Isolation Read #21

Essentially a love story set against the horrific siege of Leningrad (St Petersburg) as the Nazis tried to move through Russia in the winter of 1941.

Anna, a teaching assistant, lives with her father and much younger brother Kolya, her mother, a nurse, died in giving birth to Kolya. The father, Mikhail was formerly a successful writer but his ‘style’ of writing has fallen foul of the new standards demanded by the Party under Stalin. They have retreated to their dacha, some 30 miles outside of Leningrad where Anna is commissioned by a reclusive former actress Marina, another who has fallen foul of the new regime and their correct modes of thinking, to draw her likeness.

As the Nazis approach Leningrad, Mikhail volunteers for the civil defence force despite being in his 50s. Anna and Kolya move into the city with him. Anna is enlisted in the  civil labour force, made up of women, digging trenches just behind the army’s front lines. Mikhail is injured and takes to his bed, Anna grows ever weaker and cannot keep up with the work – although she meets the handsome young doctor Andrei who is working all hours in the city’s hospital. Eventually all the main characters end up living in same small apartment, freezing and slowly starving through the winter where it is minus twenty inside during the day.

The main purpose of the novel is to describe in minute, demeaning detail the deprivations and hardships suffered by the populace, and that is well done – the joy at finding a small onion thought lost down the back of a cupboard weeks ago; or the weighing up of the quality of leather used to make a wallet and whether that could be cuts to strips, boiled to make a stew and the strips used again for people to chew on to sate the hunger. The absolute cold, which brought its own hardship and which in combination with the food and fuel shortages was responsible for hundreds of thousands of deaths, also proved a lifeline, in that the frozen Lake Ladoga could be crossed by trucks, bringing in desperately needed supplies from mainland Russia, just enough to keep the city alive and therefore able to fend off the Germans.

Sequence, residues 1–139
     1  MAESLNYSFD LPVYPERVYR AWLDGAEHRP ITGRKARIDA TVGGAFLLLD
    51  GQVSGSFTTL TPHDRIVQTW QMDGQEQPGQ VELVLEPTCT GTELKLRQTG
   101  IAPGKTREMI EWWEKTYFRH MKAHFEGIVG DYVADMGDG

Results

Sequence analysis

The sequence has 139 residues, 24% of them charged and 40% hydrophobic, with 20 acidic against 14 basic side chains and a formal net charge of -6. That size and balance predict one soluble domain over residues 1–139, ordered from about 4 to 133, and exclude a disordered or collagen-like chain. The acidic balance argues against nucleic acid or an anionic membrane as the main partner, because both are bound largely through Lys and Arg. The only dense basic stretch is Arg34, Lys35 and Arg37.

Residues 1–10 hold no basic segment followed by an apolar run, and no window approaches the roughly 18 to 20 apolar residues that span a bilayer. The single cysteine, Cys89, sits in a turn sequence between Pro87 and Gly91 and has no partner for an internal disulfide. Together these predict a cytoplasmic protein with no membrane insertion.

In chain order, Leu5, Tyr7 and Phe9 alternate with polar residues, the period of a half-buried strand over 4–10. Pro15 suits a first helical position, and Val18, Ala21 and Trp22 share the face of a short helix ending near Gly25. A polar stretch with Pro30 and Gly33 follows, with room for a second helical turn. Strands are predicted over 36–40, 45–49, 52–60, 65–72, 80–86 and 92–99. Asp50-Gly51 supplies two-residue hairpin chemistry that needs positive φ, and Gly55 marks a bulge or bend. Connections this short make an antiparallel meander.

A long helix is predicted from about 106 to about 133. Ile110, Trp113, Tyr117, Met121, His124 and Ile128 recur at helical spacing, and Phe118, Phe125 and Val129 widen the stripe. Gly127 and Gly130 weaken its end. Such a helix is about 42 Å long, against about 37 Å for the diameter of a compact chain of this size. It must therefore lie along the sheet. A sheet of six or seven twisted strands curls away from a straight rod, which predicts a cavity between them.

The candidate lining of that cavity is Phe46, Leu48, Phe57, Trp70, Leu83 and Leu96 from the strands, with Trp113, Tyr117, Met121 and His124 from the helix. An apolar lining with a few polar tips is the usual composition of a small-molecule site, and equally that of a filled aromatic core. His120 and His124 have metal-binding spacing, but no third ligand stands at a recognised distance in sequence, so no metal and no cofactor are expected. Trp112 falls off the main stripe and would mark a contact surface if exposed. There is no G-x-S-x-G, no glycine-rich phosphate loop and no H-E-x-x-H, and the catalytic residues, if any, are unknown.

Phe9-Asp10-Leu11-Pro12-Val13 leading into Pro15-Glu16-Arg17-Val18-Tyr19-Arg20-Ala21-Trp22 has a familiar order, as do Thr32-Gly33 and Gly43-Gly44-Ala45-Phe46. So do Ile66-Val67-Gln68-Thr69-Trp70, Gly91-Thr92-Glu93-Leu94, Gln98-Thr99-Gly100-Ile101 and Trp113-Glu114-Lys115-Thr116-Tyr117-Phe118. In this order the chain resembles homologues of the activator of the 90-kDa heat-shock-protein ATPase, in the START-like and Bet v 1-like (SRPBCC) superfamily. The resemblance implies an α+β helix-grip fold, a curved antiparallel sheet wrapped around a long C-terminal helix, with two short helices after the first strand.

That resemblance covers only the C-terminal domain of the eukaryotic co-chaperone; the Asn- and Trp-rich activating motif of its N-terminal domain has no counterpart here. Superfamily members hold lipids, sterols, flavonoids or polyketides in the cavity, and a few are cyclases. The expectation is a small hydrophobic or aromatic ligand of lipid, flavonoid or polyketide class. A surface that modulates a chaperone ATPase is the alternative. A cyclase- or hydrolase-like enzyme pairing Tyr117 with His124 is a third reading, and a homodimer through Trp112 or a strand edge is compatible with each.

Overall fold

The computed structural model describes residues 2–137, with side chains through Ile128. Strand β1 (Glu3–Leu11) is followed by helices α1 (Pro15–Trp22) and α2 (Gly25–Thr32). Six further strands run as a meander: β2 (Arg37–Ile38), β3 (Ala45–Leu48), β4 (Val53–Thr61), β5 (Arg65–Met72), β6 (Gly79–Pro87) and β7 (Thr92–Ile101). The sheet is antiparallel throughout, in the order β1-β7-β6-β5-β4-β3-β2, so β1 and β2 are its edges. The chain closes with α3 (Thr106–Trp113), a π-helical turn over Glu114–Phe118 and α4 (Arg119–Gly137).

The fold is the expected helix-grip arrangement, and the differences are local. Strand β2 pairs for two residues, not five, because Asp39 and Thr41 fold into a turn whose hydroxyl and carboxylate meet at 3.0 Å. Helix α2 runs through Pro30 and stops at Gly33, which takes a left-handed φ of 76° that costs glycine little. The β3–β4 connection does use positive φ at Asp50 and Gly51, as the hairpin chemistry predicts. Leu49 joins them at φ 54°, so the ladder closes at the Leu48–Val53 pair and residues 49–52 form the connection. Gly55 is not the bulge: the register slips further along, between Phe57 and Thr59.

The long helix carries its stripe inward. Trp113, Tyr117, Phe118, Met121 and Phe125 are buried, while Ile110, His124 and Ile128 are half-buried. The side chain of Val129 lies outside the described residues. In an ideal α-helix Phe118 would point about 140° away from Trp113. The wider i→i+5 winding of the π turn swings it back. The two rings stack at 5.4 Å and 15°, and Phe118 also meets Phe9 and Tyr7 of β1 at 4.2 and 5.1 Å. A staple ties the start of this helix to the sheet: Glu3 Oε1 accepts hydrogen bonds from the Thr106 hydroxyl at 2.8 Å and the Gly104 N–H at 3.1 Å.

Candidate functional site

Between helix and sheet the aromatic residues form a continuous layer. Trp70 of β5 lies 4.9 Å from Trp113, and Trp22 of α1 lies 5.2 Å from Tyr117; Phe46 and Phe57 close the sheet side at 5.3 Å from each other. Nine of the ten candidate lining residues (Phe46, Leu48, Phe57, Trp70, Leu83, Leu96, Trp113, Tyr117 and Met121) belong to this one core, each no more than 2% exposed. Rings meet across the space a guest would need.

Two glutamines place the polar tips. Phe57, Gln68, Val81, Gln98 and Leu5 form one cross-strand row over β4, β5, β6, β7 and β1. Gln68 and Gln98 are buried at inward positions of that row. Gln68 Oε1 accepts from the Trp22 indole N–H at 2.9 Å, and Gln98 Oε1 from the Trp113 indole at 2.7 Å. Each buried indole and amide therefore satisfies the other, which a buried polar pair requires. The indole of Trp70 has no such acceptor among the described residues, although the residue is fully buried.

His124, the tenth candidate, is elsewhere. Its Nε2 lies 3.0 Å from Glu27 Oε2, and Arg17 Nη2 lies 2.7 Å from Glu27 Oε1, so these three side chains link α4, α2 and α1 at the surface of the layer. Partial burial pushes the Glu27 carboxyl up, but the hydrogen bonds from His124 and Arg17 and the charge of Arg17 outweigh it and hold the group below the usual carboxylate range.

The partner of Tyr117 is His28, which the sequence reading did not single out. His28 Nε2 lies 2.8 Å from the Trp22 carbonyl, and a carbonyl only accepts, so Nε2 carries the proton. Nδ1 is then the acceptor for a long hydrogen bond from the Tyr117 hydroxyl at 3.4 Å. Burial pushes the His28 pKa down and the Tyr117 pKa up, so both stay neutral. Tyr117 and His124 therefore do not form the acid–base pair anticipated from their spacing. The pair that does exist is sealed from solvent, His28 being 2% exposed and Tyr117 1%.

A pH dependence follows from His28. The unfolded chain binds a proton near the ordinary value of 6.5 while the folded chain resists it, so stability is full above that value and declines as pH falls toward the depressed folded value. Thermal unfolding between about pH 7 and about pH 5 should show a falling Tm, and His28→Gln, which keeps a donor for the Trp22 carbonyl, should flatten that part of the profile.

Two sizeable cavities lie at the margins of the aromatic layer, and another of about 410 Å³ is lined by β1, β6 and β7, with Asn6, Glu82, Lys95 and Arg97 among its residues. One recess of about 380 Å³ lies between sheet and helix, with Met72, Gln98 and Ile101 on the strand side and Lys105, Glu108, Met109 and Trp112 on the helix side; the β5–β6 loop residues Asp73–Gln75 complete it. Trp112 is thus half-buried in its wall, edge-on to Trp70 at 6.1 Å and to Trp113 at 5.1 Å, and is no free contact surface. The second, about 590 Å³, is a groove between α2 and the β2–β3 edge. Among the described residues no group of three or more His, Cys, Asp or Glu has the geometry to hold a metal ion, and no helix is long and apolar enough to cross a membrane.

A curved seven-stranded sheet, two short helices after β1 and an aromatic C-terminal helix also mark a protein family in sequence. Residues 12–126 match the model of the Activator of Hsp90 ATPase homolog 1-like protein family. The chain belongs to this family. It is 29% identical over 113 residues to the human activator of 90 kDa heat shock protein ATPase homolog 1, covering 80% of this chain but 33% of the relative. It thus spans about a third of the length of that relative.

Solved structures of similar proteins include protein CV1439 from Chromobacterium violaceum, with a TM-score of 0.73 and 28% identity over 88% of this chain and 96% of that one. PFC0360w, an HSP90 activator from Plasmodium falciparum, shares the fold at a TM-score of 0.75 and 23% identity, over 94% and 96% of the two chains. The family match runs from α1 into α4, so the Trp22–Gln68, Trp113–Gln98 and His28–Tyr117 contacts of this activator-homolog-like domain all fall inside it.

The love stories (Anna and Andrei, but also Marina and Mikhail) are well-enough done, albeit in a prosaic and well laid-out path. The small moments of these relationships, the details, while being smothered by the cold within the apartment are one of the best aspects of the story: the other being the city’s inability to cope with its own dead – ideas like walking at night between walls of frozen dead bodies piled up because there was simply nothing else to do with them, are affecting. There is precious little interaction with other citizens. Although, in a city of 3 million Anna seems to ‘run into’ her friend and oft-time saviour Evgenia, with remarkable regularity and fortuitous timing. There is little about the politics of the event or the wider politics of the time.

Within its own parameters it is an efficiently told narrative with some interesting turns of phrase, but it seems to have settled for an oddly limiting and unsatisfactory set of parameters at the outset leaving the completed whole, unsatisfactory, unless what you wanted was a love story set against severe privation.


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